First, the title. ‘Bezzle’ was coined by JK Galbraith to describe the blissful and often long moment when an embezzlement has occurred but before it’s been discovered. The embezzler has his money. The victim still thinks he has his. It’s the gravity-defying interval when Wile E. Coyote is running on air and hasn’t begun to fall.
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by John Q on March 6, 2024

In a few days time, I’ll be lining up in the 65-69 category for the Mooloolaba Olympic triathlon (1500m swim, 40km cycle, 10km run)[1]. People in this age category are commonly described as “aging”, “older”, “seniors”, “elders” and, worst of all, “elderly” (though this mostly kicks in at 70). The one thing we are never called is “old”. But this is the only term that makes any sense. Everyone is aging, one year at a time, and a toddler is older than a baby. Senior and elder are similarly relative terms. And “elderly” routinely implies “frail” (a lot of old people are frail, but many more are not.

What accounts for the near-universal squeamishness that surrounds the term “old”? Apart from the obvious fact that you are a bit closer to death, it’s not that bad being old. Even if not everyone can complete a triathlon, most people maintain (self-assessed) good health to age 85 and beyond, In most developed countries, old people can live a reasonably comfortable life without having to work. And on average, that’s reflected in measures of happiness.

Yet, at least in the Anglosphere, old people don’t seem to be happy in political terms. It’s voters over 65 who provide the core support for conservative parties and are most likely to welcome the drift to the far right represented by Trump and his imitators.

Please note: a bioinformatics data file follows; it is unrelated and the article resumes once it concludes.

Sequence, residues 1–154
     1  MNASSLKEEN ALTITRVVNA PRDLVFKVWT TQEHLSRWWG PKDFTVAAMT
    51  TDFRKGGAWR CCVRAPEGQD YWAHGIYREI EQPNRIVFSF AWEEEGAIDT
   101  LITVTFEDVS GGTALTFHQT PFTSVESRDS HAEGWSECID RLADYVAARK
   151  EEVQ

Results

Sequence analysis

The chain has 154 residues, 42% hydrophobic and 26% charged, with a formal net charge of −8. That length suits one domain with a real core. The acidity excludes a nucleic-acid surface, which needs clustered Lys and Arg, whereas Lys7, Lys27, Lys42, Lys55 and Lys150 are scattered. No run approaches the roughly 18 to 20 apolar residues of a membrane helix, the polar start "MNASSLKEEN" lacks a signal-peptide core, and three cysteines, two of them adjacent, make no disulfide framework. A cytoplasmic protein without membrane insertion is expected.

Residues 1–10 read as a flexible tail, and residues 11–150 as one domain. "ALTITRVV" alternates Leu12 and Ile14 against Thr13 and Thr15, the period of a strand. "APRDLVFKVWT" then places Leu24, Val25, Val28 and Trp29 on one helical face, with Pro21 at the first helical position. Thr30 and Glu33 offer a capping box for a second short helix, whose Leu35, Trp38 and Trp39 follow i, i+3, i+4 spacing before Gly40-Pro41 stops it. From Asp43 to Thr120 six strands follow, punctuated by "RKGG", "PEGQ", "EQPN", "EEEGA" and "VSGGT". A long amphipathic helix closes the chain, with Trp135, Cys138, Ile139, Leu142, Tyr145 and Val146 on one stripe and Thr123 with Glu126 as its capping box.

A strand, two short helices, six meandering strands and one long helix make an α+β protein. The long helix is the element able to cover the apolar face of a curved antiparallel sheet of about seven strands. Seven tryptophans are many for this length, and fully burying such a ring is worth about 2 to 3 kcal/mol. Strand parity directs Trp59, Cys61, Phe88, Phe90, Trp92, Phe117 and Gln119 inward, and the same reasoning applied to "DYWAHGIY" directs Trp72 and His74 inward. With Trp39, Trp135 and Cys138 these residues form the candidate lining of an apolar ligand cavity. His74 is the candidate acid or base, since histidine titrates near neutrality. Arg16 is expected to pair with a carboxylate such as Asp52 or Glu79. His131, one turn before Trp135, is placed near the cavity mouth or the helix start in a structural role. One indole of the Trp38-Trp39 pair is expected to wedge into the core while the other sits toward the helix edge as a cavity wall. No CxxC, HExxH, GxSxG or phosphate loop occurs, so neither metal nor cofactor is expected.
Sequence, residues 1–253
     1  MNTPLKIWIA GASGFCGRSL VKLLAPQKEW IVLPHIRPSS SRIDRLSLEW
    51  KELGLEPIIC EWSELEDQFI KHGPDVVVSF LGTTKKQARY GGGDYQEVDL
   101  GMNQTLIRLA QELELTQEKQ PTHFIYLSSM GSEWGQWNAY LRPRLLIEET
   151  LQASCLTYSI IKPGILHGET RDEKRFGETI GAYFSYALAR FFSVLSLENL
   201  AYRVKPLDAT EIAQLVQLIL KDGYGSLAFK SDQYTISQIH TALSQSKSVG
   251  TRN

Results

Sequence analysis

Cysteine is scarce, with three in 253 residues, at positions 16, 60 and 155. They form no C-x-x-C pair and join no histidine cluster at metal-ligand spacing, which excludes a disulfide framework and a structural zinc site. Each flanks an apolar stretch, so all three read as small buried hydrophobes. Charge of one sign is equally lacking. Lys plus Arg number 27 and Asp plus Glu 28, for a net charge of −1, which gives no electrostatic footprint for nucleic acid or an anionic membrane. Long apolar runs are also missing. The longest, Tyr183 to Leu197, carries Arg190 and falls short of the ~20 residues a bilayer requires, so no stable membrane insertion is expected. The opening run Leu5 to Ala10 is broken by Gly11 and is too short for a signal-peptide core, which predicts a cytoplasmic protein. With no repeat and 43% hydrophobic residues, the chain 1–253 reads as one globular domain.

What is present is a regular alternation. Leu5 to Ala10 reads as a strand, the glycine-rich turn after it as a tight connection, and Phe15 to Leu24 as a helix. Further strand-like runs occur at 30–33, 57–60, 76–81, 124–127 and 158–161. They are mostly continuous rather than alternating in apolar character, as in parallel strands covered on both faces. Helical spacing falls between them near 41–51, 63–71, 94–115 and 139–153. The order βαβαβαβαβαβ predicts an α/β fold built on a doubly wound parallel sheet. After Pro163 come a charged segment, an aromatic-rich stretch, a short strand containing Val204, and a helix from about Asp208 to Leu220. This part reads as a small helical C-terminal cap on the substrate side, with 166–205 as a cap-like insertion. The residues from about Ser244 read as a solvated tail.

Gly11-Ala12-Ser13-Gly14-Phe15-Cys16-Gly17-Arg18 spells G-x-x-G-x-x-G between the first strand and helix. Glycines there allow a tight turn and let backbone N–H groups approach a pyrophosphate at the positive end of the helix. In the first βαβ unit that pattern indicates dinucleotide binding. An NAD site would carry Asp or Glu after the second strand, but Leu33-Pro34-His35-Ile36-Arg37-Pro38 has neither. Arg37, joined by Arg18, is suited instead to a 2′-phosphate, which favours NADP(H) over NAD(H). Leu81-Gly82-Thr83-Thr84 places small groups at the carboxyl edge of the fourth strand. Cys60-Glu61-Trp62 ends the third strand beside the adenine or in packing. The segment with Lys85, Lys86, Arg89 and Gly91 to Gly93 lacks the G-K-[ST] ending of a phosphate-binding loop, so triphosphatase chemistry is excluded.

The pattern is particularly striking in the UK where the YouGov poll shows the right and far-right leading easily among voters over 65 (37% Tory + 28 % Reform), while gaining essentially no votes from those aged 20-24, where the Tories tie for 5th place with the SNP, behind Labor, Green, Reform and LibDems [2].Presumably that reflects Brexit, a particularly irresponsible piece of nostalgia politics inflicted mostly by the old on the young.

But it’s the same in the US, Canada, Australia and (though mainly among women) New Zealand. While there has always been a tendency for old people to support the political right, it’s more marked now than it has ever been. And as is particularly evident with MAGA, there’s nothing conservative about this kind of politics. Its primary mode is authoritarian Christian nationalism.

In part, I think this reflects the increasing dominance of culture war issues, where views that were dominant 50 or 60 years ago are now considered unacceptable. Old people whose views haven’t changed in many years are likely to support the right on these issues.

I’d be interested in any thoughts on this.

fn1. Not expecting to do well, thanks to the hottest and stickiest summer I can remember, but I plan to finish.
fn2. A poll last year had the Tories on 1 per cent among young voters.

Sunday photoblogging: Salisbury cathedral

by Chris Bertram on March 3, 2024

Salisbury Cathedral